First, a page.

​JAE: I know my limits. And they are low. I also do not use Web MD. There’s little good that reviews can do me but desperately hurt my feelings. If a review is good my husband will tell me.​ I used to read them. But — yeah. You know?

Yeah. OK, switching gears: Favorite thing about bookstores?

JAE: ​I discovered Smencils (smelly pencils! amazing name!) at BookPeople in Austin, and I’m totally 12 years old on the inside so I confess: I love the non-book paraphernalia you can sometimes find. I also love the weirdly specific magazines I can buy. And the people-watching! And the staff recommendations. And, most definitely, the staff! ​

Last one: Best thing you’ve read lately?

JAE: I read two advance copies that you best get ready to love if you don’t already: Mark Haskell Smith’s wonderful exploration of nudism in America, Naked at Lunch, and Jillian Lauren’s new memoir, Everything You Ever Wanted. Also, Cate Dicharry’s debut novel, The Fine Art of Fucking Up. Brilliant.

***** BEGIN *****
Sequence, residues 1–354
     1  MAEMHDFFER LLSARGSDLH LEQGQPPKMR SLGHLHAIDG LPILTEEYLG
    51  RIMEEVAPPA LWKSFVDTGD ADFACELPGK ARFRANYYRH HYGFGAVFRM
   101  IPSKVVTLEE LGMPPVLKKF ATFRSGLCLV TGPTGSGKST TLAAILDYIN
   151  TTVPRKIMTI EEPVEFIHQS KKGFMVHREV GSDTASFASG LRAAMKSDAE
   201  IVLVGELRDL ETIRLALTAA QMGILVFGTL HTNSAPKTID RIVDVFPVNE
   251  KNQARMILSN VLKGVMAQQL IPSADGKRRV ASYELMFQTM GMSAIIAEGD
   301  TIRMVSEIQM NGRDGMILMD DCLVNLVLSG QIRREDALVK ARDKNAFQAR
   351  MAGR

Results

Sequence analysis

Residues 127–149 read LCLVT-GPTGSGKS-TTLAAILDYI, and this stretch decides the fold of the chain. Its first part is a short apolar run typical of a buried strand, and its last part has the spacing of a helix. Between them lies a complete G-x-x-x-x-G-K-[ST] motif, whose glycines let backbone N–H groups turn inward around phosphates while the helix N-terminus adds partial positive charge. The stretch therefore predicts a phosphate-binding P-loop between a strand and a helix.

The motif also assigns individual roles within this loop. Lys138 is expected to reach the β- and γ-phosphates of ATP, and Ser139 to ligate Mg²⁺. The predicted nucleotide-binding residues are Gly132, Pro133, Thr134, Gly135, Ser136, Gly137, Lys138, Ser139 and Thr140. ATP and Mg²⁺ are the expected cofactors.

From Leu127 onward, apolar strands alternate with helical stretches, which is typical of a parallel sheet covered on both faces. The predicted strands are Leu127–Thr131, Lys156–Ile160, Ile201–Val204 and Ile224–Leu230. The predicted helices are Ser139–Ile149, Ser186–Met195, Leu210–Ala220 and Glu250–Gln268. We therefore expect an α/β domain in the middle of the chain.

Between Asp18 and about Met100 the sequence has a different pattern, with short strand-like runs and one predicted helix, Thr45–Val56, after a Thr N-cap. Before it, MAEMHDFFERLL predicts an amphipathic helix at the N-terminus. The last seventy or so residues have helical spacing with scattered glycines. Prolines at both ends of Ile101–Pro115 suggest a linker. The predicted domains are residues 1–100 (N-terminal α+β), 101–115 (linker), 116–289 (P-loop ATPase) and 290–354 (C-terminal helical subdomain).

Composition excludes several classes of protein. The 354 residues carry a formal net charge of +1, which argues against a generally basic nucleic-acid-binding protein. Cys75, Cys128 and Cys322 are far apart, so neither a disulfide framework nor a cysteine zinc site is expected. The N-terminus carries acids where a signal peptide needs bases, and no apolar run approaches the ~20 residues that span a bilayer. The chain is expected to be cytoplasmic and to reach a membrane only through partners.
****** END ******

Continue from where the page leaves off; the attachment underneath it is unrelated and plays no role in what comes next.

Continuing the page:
I’ll check those out. Thank you! See you soon.

Thank you so much for such thoughtful questions!


Meet Jill Alexander Essbaum on Friday, May 1, 7 p.m. at The Skillery for a reading and signing of Hausfrau, presented in partnership with The Porch Writers Collective.

Get the book:

ISBN-13: 9780812997538
Availability: On Our Shelves Now
Published: Random House, 3/2015